Philly raises fines for violating COVID-19 prevention rules

PHILADELPHIA (KYW Newsradio) — The Philadelphia Board of Health has increased fines for violating COVID-19 prevention measures, as part of the preparation for beginning to reopen the city’s economy without causing a resurgence of the virus.

With construction poised to restart Friday, Mayor Jim Kenney said the city wants to send a strong message that it’s still very much in prevention mode, and strict guidelines have to be followed when people return to their jobs.

“Up until this point, we have done our best to rely on verbal warnings from police and notices from enforcement agencies. But the message should be clear: As we ease restrictions, we will need cooperation and for people to follow the orders,” he said. “If you don’t follow the orders, the city will fine you and take you to court.”

The maximum fine for all violations was initially $300. They have now increased to $2,000 for businesses and $500 for individuals.

“We want to set a real strict rule that people need to follow the guidelines, so the way we do that is to get people’s attention,” Kenney added. “Money gets people’s attention.”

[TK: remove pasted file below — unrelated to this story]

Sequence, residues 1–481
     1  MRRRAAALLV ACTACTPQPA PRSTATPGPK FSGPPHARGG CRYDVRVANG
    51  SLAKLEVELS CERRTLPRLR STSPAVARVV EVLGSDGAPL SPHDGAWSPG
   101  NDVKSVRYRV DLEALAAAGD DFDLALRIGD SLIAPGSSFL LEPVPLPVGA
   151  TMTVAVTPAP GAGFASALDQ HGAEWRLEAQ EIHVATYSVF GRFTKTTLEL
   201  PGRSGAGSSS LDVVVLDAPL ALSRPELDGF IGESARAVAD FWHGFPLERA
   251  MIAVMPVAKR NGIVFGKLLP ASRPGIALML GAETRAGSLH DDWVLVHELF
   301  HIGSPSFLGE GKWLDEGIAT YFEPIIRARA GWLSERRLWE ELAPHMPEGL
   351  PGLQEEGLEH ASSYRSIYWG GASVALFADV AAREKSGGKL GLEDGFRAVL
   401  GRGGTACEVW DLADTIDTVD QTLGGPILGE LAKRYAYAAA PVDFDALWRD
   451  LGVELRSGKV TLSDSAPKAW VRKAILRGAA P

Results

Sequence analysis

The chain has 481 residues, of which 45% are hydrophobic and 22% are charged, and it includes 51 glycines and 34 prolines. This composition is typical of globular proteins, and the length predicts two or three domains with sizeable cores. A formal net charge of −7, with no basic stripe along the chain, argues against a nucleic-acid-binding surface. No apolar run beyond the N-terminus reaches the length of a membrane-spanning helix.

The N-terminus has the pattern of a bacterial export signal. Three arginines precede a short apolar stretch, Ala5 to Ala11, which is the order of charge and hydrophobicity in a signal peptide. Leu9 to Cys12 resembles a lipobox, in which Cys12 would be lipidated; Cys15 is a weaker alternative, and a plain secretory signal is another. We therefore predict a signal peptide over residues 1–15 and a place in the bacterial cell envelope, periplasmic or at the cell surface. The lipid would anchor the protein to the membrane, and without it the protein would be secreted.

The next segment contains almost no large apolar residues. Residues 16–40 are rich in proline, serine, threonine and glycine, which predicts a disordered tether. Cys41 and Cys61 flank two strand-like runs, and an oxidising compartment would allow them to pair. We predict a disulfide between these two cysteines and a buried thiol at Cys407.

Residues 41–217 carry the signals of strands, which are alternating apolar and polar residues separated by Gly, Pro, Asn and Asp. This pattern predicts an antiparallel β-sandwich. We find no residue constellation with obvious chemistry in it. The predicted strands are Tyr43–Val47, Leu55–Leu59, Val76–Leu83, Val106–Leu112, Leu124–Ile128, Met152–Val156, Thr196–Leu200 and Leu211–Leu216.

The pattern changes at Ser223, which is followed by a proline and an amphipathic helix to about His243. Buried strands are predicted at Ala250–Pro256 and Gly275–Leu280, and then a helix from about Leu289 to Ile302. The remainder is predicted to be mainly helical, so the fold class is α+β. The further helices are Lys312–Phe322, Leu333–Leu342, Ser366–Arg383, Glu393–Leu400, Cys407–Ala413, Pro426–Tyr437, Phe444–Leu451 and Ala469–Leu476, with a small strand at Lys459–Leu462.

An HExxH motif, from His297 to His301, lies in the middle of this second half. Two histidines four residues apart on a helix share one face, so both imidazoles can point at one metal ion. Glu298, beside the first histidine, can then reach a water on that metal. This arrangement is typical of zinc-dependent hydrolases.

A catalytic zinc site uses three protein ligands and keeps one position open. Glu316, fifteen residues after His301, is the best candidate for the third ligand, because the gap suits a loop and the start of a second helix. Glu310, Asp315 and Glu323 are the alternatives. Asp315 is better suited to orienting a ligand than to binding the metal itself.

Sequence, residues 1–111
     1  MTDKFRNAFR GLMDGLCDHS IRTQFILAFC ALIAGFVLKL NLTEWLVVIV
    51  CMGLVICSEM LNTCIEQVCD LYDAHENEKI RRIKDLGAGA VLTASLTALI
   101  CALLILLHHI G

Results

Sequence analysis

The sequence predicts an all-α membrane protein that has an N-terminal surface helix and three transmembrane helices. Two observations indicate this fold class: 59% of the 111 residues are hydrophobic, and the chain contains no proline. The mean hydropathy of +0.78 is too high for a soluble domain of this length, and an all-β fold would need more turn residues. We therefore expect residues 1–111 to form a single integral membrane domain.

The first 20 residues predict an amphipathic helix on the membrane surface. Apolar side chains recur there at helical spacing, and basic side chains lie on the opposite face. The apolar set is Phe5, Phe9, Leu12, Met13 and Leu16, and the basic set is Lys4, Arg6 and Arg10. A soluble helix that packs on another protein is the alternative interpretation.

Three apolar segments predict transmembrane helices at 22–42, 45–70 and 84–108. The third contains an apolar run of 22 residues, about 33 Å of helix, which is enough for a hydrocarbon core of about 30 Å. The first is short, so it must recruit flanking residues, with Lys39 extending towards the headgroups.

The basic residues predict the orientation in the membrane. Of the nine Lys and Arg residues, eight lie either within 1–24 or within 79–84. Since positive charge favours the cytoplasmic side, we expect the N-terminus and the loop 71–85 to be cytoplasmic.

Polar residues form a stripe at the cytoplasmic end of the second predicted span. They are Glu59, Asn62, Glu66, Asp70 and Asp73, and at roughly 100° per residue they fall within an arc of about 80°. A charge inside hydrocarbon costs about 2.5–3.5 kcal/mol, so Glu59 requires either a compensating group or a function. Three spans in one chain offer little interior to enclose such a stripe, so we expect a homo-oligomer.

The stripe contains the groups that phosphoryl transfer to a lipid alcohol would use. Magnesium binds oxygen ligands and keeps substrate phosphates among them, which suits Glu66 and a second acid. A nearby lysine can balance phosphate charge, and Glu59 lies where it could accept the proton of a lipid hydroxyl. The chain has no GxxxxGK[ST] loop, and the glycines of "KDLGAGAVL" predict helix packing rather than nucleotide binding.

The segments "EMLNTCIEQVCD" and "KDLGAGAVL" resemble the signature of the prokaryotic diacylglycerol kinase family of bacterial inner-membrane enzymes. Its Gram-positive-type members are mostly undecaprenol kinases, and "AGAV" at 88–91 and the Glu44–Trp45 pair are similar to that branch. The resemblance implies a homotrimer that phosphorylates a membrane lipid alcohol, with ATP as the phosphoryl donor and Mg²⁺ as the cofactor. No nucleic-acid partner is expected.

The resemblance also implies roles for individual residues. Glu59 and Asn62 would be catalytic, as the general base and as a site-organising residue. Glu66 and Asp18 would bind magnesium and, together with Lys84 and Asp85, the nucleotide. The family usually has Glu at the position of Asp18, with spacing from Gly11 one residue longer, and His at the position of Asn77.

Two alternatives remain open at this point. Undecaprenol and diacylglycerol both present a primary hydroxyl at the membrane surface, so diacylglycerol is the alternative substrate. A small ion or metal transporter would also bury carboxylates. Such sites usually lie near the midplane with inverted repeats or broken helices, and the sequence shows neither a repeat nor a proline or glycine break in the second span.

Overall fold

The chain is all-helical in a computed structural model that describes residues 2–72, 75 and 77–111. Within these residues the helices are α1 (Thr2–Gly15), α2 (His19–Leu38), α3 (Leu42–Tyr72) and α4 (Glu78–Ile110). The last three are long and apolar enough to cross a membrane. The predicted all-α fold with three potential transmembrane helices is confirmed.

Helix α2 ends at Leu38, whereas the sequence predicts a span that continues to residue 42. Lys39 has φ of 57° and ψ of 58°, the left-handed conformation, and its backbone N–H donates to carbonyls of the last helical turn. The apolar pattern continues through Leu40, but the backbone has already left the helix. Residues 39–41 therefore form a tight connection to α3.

Philadelphians can be fined for gathering in groups of more than five or opening a business deemed nonessential.

The city hasn’t issued many fines since they were first enacted. About 25 were given out for gatherings — half of them were issued on the first day of the shutdown. 

No businesses were cited, but they did receive cease operation orders.

Officials say they still can’t predict when the stay-at-home order will be lifted or how reopenings will proceed, but Health Commissioner Dr. Tom Farley said the city continues on the downward slope of the curve — despite reporting 665 new cases and 66 additional fatalities.

“All of us, particularly me, want these daily numbers to fall faster than they are, but the fact that they’re falling at all is a sign that we’re making real progress,” he said.

To date, there are 14,468 total cases in Philadelphia and 607 coronavirus-related deaths.

Farley, however, has now grown concerned about a drop in the number of toddlers getting measles vaccinations. He urged parents to get their children immunized.

“We certainly don’t want to have a measles outbreak on top of our coronavirus outbreak,” he noted. “You want to prevent them from getting measles, which for them is going to be a more serious infection than coronavirus.”

For more resources regarding COVID-19, visit or call the Greater Philadelphia Coronavirus Helpline at 1-800-722-7112.